“Accidents of fate are rarely fatal accidents, but once in a while they are.”
In The Image is one of those books that evolves through the characters’ coming of age, journeying towards peace and acceptance, and sojourning towards spiritual identity. One young girl (Leora)l learns to accept the death of her best friend, through the slide images of her best friend’s grandfather. Leora learns to overcome her fear of loss and allows herself to fall in love.
The grandfather (Bill Landsmann) learns to accept his own life, which is built frame by frame, upon his slides, through the images he has photographed during his travels. His life has been preserved on film slides. Landsmann has to learn to leave his past behind, including his childhood and his abusive father. He must learn to accept, and to let go, and not just assimilate within the fabrics of New York City. For him the images represent his life, concrete proof of his childhood in Europe, and proof he existed. Landsmann has to learn to move forward, in order to find the spiritual identity and peace he is searching for.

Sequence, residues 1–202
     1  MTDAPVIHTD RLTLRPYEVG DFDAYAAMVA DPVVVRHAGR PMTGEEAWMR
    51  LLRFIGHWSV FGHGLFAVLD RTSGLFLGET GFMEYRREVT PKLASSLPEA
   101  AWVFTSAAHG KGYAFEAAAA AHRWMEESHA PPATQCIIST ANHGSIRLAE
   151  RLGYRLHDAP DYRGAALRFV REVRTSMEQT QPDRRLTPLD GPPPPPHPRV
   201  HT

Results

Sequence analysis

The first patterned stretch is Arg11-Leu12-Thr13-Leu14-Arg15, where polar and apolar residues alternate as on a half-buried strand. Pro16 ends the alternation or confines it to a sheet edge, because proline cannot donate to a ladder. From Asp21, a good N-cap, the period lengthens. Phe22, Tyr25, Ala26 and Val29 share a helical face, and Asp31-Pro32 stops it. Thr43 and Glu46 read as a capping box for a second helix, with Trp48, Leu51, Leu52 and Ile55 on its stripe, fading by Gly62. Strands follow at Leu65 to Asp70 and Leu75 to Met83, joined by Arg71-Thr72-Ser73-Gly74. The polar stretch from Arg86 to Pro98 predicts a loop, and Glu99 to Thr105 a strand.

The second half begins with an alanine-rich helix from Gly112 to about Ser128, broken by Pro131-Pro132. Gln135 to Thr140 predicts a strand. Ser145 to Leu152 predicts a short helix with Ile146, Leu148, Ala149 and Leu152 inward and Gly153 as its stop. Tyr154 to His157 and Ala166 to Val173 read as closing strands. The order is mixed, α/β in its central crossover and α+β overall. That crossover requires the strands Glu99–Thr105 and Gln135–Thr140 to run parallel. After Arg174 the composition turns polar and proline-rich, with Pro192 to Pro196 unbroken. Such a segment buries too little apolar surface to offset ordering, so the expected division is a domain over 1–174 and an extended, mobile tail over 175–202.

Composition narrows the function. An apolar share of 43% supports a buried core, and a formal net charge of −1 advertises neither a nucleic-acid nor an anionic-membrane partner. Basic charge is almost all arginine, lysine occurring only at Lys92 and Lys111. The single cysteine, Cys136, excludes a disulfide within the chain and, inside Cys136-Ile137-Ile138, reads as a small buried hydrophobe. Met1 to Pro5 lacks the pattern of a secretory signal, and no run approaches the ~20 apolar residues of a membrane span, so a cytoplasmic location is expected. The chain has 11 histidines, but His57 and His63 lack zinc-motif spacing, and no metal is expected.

Leora and Landsmann lean on each other, each one helping the other to overcome their fears, each one helping to free the other from their self-imposed emotional isolation.
The symbolism and undertones in this novel are strong, and leave one in awe. The images are clearly defined through Dara Horn’s words. Age is a state of mind, a number we define ourselves with, but one can be 70 and still be coming of age. This book touches on coming of age, for all age groups.